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Who Votes Now?Demographics, Issues, Inequality, and Turnout in the United States$
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Jan E. Leighley and Jonathan Nagler

Print publication date: 2013

Print ISBN-13: 9780691159348

Published to Princeton Scholarship Online: October 2017

DOI: 10.23943/princeton/9780691159348.001.0001

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The Legal Context of Turnout

The Legal Context of Turnout

Voter Registration and Voting Innovations

(p.90) Four The Legal Context of Turnout
Who Votes Now?

Jan E. Leighley

Jonathan Nagler

Princeton University Press

This chapter considers the electoral impact the new, wider array of voter registration and election administration laws using a new data set collected on state electoral rules between 1972 and 2008. States vary tremendously as to how easy it is to register and to vote, and previous research suggests that these laws affect who votes because they change the cost of voting. However, most of these studies rely on cross-sectional data, and usually consider the influence of one reform at a time. The chapter provides aggregate (state-level) analyses of the effects of changes in these rules on voter turnout. These analyses help us address the question of whether overall voter turnout has increased as a result of these legal changes. It finds modest effects of election day registration, of absentee voting, and of moving the closing date for registration closer to the election on overall turnout. The effect of early voting is less clear.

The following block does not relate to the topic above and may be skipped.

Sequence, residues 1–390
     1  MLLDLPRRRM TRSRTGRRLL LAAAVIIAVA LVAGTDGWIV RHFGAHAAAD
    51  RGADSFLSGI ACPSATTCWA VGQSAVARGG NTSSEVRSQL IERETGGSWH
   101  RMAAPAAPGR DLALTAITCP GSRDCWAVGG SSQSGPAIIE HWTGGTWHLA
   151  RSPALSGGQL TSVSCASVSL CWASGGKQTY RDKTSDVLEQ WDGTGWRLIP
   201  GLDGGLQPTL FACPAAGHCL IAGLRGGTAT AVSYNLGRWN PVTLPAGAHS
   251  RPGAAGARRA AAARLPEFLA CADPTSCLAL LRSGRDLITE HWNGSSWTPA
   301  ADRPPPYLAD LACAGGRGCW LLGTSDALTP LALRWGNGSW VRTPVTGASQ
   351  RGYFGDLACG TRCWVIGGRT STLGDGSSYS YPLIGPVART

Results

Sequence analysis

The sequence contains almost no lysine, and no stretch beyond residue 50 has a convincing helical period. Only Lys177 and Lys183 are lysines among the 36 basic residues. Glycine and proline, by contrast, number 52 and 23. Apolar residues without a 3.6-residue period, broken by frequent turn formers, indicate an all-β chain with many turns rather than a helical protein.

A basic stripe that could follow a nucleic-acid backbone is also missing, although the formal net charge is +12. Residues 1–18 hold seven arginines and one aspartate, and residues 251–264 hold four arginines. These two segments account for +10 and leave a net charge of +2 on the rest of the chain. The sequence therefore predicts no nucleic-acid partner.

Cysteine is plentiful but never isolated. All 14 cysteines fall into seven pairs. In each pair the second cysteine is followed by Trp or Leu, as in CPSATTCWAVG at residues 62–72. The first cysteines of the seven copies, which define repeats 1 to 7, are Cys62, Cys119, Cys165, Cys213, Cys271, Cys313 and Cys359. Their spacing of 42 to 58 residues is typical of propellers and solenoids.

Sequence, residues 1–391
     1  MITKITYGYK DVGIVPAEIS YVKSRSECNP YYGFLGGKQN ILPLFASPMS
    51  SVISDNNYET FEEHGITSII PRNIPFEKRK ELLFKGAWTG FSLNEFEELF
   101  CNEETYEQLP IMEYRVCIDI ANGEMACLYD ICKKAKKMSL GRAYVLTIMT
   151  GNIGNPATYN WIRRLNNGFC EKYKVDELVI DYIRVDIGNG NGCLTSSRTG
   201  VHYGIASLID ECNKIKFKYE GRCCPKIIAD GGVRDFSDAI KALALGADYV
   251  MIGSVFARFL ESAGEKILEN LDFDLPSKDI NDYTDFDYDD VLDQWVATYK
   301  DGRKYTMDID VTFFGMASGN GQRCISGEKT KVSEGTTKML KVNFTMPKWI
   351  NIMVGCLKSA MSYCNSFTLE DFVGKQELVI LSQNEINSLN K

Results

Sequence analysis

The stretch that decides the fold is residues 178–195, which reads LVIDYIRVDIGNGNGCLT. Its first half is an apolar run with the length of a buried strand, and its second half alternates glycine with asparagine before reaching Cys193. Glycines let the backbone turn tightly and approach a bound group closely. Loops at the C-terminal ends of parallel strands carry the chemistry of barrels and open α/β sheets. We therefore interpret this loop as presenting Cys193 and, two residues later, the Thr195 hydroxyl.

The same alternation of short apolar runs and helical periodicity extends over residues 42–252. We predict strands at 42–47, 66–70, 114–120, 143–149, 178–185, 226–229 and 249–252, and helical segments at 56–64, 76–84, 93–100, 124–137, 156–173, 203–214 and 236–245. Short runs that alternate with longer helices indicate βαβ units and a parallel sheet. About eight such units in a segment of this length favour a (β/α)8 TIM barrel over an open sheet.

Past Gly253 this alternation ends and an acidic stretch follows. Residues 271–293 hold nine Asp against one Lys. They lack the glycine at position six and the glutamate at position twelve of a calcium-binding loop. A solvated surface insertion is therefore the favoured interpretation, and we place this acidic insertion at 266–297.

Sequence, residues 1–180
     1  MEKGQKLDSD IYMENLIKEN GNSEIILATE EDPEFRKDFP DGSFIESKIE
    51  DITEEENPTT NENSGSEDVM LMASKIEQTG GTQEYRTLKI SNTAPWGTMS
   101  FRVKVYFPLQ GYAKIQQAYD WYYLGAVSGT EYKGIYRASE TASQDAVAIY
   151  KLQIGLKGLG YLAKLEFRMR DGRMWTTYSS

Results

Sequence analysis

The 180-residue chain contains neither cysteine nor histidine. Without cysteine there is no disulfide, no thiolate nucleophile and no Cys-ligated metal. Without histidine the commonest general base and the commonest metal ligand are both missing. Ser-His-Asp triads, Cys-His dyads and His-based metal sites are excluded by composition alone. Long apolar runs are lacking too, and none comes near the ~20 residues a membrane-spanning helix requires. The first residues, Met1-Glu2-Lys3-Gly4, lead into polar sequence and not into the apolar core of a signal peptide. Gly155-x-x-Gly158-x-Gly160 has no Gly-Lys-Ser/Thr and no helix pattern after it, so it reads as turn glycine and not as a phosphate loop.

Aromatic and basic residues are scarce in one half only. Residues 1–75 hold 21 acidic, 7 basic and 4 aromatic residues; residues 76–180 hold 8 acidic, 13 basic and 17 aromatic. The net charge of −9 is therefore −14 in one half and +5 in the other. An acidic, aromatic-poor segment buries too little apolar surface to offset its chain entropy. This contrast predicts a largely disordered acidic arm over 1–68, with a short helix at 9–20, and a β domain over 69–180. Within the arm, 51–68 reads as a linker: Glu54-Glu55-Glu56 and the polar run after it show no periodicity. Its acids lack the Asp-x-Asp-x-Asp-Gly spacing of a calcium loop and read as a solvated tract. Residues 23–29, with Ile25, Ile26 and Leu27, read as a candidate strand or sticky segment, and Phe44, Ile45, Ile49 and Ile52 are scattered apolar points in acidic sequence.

Keywords:   election laws, voter registration laws, U.S. presidential elections, voter behavior, voter turnout, state electoral rules, absentee voting

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